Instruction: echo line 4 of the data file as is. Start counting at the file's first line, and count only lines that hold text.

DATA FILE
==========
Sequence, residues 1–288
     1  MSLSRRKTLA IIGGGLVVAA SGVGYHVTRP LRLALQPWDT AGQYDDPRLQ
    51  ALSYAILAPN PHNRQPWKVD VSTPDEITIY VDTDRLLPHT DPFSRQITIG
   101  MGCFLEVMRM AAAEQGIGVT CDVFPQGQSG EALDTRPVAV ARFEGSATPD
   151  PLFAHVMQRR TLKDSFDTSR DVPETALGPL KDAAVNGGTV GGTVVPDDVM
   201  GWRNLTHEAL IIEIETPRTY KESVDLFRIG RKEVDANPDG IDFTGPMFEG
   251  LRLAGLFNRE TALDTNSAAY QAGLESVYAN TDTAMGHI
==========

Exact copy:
   101  MGCFLEVMRM AAAEQGIGVT CDVFPQGQSG EALDTRPVAV ARFEGSATPD